Now, I don’t deny his impressive initial burst for his size and that body control and ball skills are top notch. There aren’t a whole lot of opinions I read that I really value and two in particular that I really value both think Michael Floyd is the real deal. Still, am I the only one who sees an incredibly stiff WR whose game lacks any kind of agility? I see a guy who is purely a straight-line athlete. Am I not seeing something everyone else is seeing. I can hardly think of any instances where he actually separates with his route. Though maybe that’s not a fair claim because his routes consisted of almost all 5-10 yard curl/comebacks, quick slants and 9’s. On the odd occasion we’ll see a rounded off deep post sprinkled in and a bubble screen doesn’t count as a route. He may still be able to be an effective player because of his size, strength, speed, body control and hands. However, I do not see him as guy who will ever develop into an effective route runner. The main component of route running is to be able to make sudden changes of direction in order to gain space and leverage. I do not see a guy who will be successful getting in and out of his breaks who is tight hipped and really struggles to change directions. That lack of ‘wiggle’ shows up whenever you watch him and it showed up at his pro day when he ran the single worst shuttle of any WR who was at the combine even with 1.5 months extra to prepare. It’s not like we ever see him make guys miss with elusiveness after the catch either. His hips looks so stiff to me on sharp breaking routes that I just wonder how he’s going to separate with his routes. Even with all that I still think he’s a first round talent but not the prospect he has now been hyped to be.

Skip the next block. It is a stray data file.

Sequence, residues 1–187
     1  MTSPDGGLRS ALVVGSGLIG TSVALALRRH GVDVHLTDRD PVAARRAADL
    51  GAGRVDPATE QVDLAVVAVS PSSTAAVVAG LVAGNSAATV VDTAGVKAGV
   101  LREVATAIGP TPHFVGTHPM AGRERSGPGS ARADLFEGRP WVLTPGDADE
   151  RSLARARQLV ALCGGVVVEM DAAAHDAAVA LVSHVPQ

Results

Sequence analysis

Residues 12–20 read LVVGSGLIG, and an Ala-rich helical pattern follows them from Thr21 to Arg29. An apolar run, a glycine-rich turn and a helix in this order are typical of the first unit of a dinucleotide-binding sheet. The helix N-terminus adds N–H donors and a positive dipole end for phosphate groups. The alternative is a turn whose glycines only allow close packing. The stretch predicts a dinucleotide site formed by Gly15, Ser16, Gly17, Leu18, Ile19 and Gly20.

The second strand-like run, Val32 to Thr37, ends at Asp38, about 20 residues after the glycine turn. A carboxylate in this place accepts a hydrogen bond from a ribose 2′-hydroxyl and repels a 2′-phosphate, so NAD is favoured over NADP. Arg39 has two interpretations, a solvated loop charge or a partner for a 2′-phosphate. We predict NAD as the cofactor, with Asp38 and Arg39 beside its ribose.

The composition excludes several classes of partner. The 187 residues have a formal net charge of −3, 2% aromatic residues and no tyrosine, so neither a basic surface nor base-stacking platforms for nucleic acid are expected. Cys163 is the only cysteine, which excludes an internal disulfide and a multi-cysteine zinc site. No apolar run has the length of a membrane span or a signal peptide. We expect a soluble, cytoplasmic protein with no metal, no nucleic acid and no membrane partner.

I guess my two questions in regard to Floyd are this:
1. Can a WR struggle to run routes and get open and still be a big time receiver because he is able to compensate with other parts of his game?
2. Am I ‘mis-seeing’ or overblowing his hips tightness and lack of quickness and change of direction?
Regarding Another Michael
I’ll say this, when Mike Adams is at his best, he is better than any OT in this draft at their best. Ever since I started going through and watching some of the OT’s before the college season last year, I’ve been a huge Mike Adams fan. Coming into the season I asked numerous Buckeye fans about him and none of them had anything good to say about him, which I found odd. What always impressed me so much about him is for a guy as tall and as long as he had not only really good feet, he also had a big, powerful lower half and could sit down and bend with ease. Your typical 6’7+ guys are usually built like the a Nate Solder or Matt Kalil who kind of struggle to sit down and anchor vs good power rushers. His biggest issue in his junior year was he was a little off balance at times.